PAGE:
What is a Viability Scan?
Congratulations, you’re expecting! The Viability Scan is the first scan in your pregnancy journey. It is sometimes referred to as the “dating scan”, however our Viability Scan provides much more information about the fetus than just the date of the pregnancy.
At 8 weeks, the fetus is just as big as a grape and has started to develop the majority of its organs. The main purpose of this scan is to confirm the heartbeat as well as:
- Check for single/multiple pregnancies*,
- Date the pregnancy: estimation of gestational age (pregnancy age in weeks) and the EDD (estimated date of delivery),
- Check main structures of the gestational sac, which include the baby (the embryo), the yolk sac, and the future placenta,
- Examine for any early pregnancy abnormalities.
*For multiple pregnancies (i.e. twins, triplets, etc.) it is extremely important to know the type of placentation (do the babies share the same placenta or do they have separate placentas?). This is important for the prediction of certain complications.
What makes our Viability Scan different?
We use an advanced ultrasound scanner with unique high-resolution probes.
The benefits of this include:
- We do not need you to have a full bladder for the scan,
- In most cases, the technology we use allows the Viability Scan to be performed transabdominally (the transducer is placed over your belly),
- We do not only date the pregnancy, but also examine how it is developing,
- We can offer NIPT (non-invasive prenatal testing: Harmony Test) during the same appointment if we find that you are past your 10th week of pregnancy (please note that we do NIPT only in conjunction with the Early Baby Scan, which we perform from 12 weeks)
Should I have the Viability Scan?
The Nuchal Translucency (NT) scan is the first scan offered by NHS hospitals, which is performed at 11-13 weeks. It is used to date the pregnancy; however, it provides a less accurate EDD (estimated date of delivery).
The Viability Scan will:
- Let you know how many babies you will have,
- Be able to tell the precise date of the pregnancy and estimated delivery,
- Allow you to take a NIPT as early as possible (if we recognise that the baby is at least 10 weeks),
Allow you to create a detailed schedule of your follow-up scans, which means you can schedule in your other activities (such as business trips or holidays) around this.
What is the optimal time to perform Viability Scan?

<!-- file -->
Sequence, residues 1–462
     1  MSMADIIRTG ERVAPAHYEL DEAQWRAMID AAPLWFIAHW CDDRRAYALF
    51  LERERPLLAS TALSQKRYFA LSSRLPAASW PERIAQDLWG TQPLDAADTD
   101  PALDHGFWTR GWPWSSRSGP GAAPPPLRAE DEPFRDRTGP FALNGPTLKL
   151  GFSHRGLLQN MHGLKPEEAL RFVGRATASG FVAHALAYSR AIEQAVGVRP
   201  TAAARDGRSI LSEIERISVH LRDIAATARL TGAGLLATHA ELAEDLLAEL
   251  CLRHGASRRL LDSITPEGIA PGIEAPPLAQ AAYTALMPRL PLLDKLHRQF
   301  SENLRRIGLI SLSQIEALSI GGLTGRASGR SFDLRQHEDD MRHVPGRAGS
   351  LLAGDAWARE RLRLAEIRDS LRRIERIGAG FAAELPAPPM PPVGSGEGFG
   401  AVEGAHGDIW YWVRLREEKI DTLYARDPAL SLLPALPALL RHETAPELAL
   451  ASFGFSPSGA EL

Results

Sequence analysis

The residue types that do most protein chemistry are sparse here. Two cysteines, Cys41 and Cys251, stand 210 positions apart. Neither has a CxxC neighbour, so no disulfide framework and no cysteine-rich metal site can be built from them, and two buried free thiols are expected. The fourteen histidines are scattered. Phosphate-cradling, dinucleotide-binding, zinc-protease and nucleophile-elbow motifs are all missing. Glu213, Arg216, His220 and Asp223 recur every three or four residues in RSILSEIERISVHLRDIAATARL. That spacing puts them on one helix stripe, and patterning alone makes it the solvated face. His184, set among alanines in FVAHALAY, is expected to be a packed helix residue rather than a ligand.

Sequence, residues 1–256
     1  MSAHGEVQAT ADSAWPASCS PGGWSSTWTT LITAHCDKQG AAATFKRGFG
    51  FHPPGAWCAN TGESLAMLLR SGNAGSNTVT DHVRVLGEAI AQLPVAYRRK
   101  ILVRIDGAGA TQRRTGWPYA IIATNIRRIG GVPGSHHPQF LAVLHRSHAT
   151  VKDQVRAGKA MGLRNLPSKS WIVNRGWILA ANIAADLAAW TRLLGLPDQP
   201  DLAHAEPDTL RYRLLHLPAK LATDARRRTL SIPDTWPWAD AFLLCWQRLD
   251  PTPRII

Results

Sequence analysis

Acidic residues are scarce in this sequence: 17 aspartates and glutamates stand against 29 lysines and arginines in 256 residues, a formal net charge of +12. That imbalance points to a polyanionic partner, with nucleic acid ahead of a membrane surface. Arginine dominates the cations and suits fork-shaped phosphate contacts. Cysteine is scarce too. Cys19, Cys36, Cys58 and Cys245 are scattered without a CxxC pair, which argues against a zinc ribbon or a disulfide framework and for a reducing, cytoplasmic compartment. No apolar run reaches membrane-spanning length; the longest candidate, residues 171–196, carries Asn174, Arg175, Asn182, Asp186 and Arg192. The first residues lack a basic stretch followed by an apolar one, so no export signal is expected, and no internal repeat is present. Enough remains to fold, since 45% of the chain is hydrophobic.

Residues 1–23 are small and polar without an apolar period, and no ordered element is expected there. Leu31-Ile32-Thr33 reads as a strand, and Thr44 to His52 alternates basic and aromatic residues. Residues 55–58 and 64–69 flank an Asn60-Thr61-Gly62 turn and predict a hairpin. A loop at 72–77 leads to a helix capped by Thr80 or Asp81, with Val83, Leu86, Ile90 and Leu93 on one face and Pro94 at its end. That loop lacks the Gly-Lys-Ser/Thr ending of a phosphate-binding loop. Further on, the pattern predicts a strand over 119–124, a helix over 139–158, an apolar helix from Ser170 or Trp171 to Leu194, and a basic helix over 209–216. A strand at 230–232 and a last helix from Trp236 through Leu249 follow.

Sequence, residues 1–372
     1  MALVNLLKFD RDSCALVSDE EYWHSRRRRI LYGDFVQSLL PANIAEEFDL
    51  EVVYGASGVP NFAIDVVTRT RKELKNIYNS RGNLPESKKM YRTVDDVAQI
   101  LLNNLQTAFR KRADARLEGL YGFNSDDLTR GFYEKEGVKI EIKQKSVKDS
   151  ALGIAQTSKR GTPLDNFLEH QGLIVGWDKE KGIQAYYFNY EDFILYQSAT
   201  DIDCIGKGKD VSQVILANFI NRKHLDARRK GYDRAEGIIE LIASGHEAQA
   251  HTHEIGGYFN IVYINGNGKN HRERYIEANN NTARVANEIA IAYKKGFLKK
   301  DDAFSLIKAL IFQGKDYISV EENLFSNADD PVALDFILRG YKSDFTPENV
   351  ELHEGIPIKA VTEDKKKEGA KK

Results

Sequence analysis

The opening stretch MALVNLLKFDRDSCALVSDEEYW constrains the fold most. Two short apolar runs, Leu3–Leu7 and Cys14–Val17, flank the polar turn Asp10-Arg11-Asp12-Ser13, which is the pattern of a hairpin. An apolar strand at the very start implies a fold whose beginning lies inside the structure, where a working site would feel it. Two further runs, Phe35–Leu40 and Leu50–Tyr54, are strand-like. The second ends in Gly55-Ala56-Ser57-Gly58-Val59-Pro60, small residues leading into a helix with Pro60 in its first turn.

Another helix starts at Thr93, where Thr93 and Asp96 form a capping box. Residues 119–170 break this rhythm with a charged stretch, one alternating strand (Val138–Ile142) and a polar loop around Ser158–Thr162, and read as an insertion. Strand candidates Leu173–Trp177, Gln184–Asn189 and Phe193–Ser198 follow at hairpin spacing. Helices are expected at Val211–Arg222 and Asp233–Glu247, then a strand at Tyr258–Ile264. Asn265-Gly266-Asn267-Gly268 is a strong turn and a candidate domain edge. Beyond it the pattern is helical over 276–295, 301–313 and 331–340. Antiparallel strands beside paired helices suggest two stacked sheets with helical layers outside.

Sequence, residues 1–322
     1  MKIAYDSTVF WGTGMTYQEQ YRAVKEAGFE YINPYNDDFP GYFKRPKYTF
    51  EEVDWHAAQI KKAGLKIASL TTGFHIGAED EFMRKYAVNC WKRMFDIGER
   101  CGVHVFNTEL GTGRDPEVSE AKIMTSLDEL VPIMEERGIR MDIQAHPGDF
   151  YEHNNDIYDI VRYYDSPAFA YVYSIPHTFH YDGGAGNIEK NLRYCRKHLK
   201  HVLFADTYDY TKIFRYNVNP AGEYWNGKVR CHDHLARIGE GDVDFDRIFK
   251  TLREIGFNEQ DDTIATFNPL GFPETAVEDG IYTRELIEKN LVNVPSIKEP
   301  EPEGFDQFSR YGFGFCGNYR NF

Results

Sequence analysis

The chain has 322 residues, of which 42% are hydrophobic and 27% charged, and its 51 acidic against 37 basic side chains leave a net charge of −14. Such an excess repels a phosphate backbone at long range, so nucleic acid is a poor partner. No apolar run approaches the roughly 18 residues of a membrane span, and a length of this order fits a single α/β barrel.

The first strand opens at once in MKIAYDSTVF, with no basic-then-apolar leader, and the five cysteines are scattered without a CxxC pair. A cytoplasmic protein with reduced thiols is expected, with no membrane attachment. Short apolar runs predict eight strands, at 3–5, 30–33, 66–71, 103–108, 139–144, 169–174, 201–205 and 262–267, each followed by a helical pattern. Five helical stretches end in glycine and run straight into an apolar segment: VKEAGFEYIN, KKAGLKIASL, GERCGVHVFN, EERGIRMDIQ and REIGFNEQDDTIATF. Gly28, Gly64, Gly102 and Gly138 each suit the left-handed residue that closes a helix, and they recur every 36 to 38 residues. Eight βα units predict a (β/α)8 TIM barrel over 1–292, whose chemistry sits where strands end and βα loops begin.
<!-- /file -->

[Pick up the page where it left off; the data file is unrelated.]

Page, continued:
The optimal gestational age for the scan is from 8-11 weeks.
However, if you wish to have NIPT during the same appointment, then we must ensure that you are at least 10 weeks along.
Can the viability scan be used to diagnose any anomalies?
Depends on how far along you are when we perform the scan (weeks of pregnancy).
Unfortunately, before 11 weeks the baby has not finished its primary development and is still considered an embryo. Therefore, it is not possible to exclude any anomalies.
However, from 11 weeks the baby is considered a fetus, meaning it is fully formed and resembles a tiny human. This means that our ultrasound scanners, which are specially designed to obtain high-resolution images, can be used to examine the fully developed structures of the fetus, such as the heart. The Early Baby scan can be performed as early as 11 weeks of pregnancy; however we will have to use a specifically-designed high resolution transvaginal probe to obtain these images. Please note that the Early Baby Scan is a much more comprehensive examination of the fetus and has different pricing to the Viability Scan.
Should I get the NIPT at 10 weeks after my Viability Scan?
It may be best to delay the NIPT until your scan at 12 weeks. However, we are aware that the majority of NIPT providers in London and around the globe advise performing the test at 10 weeks together with a viability scan. The benefit of this approach is that the test is performed as early as possible.
We believe is it better to perform NIPT at 12 weeks and performing the test at 10 weeks has serious limitations because:
- At 10 weeks the baby is still an embryo and has not completed its development, making it impossible to examine its anatomy in order to exclude any physical (structural) abnormalities, which can be serious or even lethal. Statistically, structural anomalies are more common than Down’s Syndrome (a chromosomal anomaly), therefore it is important to investigate the physical anatomy of the baby.
- It is impossible to assess nuchal translucency (NT) thickness, which is used as an independent non-specific marker for fetal wellbeing. A baby with an increased NT has a greater chance of chromosomal anomalies even if NIPT results are negative and an invasive test is offered.
In order to avoid false reassurance from a negative NIPT result, we believe that waiting to perform the test at 12 weeks increases the window of opportunity for detecting fetal anomalies. There have been cases where individuals have received the NIPT test with a negative result and thus been reassured regarding the health of their baby, only to discover significant health problems that could have been diagnosed just a few days or weeks later.
Keeping this in mind, we have developed a screening package called the Early Baby Test (performed at 12 weeks), which includes the Early Fetal Scan and NIPT.